The character of Eddie Dodd is based on Tony Serra, a very eccentric civil rights lawyer who is noted for winning several high profile cases throughout his career. One of those cases involved a Korean immigrant named Chol Soo Lee, who was wrongfully convicted the murder of a San Francisco Chinatown gang leader before Serra helped him win his freedom. It’s obvious that this case provided screenwriter Wesley Strick with a lot of inspiration for True Believer, though he uses it to structure a more convoluted story involving police corruption and conspiracies. Despite some obvious contrivances, Strick’s screenplay is fairly well-structured and it’s fun watching his plot unfold. Of course, it features the usual clichés of the genre with surprise witnesses, last-minute revelations and dramatic courtroom speeches, but Eddie Dodd is such a great character and James Woods invests him with so much energy and intensity that True Believer is elevated from being just another disposable legal thriller. It’s quite fascinating to watch Eddie’s transformation from a burnt-out pothead early on in the film to a guy who will put his absolute heart and soul into getting his seemingly innocent client released. Eddie’s original assignment is to get Shu acquitted of the prison murder, but what’s interesting is how he quickly he decides to turn it into a crusade to prove his client never should have been imprisoned in the first place. At the outset, there really doesn’t seem to be much compelling evidence that Shu is innocent, but it’s obvious that Eddie WANTS him to be innocent so badly because he is desperate to use his legal skills to do something noble again. Eddie has never had any qualms about getting guilty clients acquitted, but if he was to discover that Shu really was guilty all along, it would probably destroy him. It’s interesting to watch Eddie evolve from a burnout who gets guilty clients off by exploiting civil liberties violations, but has his passions re-ignited once he takes on an innocent client who really HAS had his civil liberties violated.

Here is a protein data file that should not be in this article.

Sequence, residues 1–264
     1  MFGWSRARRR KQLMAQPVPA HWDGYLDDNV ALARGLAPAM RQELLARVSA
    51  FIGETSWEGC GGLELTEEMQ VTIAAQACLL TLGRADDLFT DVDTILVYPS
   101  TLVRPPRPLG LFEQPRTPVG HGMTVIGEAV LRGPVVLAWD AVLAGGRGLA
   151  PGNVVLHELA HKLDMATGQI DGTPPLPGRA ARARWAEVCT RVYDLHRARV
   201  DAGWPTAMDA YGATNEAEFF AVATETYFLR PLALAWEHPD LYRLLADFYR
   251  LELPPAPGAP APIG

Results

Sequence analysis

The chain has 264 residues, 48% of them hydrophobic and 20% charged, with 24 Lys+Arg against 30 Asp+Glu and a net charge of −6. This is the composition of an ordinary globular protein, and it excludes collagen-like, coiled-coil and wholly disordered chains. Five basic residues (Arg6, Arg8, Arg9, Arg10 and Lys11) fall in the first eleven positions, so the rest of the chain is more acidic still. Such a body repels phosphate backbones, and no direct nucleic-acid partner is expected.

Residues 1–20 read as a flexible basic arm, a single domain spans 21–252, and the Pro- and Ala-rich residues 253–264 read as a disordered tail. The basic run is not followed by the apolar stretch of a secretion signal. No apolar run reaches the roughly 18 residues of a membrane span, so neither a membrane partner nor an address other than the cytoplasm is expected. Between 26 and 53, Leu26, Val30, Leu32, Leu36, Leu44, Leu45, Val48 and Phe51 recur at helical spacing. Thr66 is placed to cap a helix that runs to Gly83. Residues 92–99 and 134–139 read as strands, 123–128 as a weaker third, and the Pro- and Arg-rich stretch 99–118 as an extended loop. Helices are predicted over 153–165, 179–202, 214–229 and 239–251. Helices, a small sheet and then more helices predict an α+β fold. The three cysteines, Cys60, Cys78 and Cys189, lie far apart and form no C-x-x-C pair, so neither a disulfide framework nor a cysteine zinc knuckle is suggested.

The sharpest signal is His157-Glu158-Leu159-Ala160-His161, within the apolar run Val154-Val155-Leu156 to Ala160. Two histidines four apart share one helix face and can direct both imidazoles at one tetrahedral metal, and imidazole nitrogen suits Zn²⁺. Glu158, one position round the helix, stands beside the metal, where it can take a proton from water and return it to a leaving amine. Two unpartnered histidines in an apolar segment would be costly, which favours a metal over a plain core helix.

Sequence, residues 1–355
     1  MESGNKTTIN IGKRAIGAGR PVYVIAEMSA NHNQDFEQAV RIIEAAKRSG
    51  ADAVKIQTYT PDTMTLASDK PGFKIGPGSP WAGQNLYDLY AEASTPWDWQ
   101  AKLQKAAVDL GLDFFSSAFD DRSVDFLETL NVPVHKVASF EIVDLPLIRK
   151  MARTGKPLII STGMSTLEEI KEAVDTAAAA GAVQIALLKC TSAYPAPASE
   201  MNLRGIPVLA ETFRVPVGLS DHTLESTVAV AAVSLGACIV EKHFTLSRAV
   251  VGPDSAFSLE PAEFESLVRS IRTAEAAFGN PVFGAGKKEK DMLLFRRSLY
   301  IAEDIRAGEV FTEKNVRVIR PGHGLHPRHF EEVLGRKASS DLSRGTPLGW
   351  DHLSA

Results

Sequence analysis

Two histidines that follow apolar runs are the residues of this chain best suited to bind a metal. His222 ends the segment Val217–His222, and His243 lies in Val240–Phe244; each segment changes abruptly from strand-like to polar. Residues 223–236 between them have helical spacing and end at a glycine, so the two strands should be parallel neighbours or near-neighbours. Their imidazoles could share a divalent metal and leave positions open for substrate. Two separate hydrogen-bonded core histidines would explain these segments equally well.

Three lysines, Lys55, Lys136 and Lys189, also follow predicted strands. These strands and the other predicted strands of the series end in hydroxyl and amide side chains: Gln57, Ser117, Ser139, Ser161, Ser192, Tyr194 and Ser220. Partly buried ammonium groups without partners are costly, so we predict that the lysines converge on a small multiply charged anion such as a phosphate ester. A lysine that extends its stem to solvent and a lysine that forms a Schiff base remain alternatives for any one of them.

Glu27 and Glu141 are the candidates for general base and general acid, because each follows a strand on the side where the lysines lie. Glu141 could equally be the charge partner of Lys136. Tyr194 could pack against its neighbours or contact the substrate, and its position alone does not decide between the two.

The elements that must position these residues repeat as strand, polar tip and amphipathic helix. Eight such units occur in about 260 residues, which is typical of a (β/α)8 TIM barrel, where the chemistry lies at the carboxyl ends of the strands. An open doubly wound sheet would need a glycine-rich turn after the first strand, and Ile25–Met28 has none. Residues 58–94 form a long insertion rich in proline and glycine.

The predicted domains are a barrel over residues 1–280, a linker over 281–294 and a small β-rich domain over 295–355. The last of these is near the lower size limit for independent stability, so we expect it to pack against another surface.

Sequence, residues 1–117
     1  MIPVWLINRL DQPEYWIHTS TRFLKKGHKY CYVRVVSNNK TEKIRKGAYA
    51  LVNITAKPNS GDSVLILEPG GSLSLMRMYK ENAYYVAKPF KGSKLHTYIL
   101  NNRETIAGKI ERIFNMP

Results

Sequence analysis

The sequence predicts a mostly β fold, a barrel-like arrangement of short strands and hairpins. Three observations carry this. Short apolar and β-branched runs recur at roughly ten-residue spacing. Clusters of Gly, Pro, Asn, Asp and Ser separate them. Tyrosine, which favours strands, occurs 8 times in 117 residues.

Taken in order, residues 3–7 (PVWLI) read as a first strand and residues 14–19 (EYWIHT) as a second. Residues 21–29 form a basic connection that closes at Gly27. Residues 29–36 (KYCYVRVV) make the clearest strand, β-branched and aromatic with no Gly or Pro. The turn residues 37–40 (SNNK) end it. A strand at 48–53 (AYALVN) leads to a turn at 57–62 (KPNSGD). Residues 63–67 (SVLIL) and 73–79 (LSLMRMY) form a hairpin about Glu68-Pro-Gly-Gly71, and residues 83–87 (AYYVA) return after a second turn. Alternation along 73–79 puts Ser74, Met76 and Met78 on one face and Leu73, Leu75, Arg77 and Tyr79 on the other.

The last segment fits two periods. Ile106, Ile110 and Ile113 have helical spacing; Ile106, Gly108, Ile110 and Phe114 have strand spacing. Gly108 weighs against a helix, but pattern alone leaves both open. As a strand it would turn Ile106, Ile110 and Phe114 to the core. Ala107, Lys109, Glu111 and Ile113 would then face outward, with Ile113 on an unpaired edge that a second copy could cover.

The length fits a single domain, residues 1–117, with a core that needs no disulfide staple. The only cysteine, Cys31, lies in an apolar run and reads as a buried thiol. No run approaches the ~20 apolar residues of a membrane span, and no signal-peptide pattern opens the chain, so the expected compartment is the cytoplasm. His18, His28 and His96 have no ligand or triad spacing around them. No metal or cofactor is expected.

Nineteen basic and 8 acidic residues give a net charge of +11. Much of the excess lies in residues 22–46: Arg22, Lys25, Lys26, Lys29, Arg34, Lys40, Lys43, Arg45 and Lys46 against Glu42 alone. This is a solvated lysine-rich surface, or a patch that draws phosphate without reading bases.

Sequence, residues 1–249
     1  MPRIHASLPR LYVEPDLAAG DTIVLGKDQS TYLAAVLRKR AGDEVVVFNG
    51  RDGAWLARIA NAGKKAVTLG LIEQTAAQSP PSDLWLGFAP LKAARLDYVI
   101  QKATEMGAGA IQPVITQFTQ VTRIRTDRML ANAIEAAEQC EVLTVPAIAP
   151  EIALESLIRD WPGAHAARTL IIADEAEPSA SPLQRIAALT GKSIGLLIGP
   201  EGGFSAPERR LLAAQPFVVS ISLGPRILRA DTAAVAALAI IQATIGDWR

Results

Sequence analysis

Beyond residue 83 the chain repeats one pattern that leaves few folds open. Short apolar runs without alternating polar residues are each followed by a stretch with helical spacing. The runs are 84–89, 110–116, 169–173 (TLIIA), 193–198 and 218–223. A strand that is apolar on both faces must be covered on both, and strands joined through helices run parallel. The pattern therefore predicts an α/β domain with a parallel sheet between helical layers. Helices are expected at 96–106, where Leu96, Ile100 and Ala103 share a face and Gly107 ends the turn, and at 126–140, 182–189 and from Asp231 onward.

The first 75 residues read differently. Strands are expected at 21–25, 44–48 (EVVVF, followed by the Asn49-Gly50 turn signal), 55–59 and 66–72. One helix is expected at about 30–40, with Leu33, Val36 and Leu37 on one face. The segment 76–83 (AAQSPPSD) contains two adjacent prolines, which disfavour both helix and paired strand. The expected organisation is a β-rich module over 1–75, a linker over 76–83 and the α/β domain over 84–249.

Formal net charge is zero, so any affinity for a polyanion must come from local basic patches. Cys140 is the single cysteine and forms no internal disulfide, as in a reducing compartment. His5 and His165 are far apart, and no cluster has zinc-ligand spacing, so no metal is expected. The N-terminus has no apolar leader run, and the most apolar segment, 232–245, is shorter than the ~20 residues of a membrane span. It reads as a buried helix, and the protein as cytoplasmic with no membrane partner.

I have no idea if there was so much depth and texture to the character of Eddie Dodd in the original screenplay or if James Woods brought a lot of these nuances to the role himself, but Eddie is just riveting to watch every time he’s onscreen. While this is Woods’ film all the way, he does get solid support from the rest of the cast. Roger Baron is one of the more ordinary characters that Robert Downey Jr. has ever had to play and it’s essentially a thankless role, with Roger being forced to be the level-headed straight man to the more eccentric Eddie, but the two actors work well together and have good chemistry. Considering where Downey’s life would be headed in subsequent years, it’s quite amusing to see him as a clean-cut, straight-laced guy who acts appalled about Eddie smoking pot in his office. Of course, given the recent resurgence of Downey’s career, I would definitely love to see him and James Woods reteam together to make a film these days. Kurtwood Smith was one of the best actors during this time period at playing characters you just loved to hate, and he does great work as the arrogant, sanctimonious Reynard. While True Believer opened to generally good reviews on its initial release, it was not a box office success and pretty much faded from the public eye rather quickly. In 1991, an attempt was made to revive this character when an Eddie Dodd TV series made it to air with Treat Williams in the title role, but the show lasted a grand total of six episodes before it was cancelled. It’s somewhat ironic that True Believer was the basis for a TV series since, on paper, the film probably looked like a standard made-for-TV drama, which may be the reason few people went to see it. However, as underrated as it may be, True Believer is well worth watching, thanks mainly to James Woods’ high-voltage performance, and is the perfect case study of how casting the right actor in the lead role can turn fairly standard material into something memorable.

This entry was posted in Movies, Robin's Underrated Gems. Bookmark the permalink.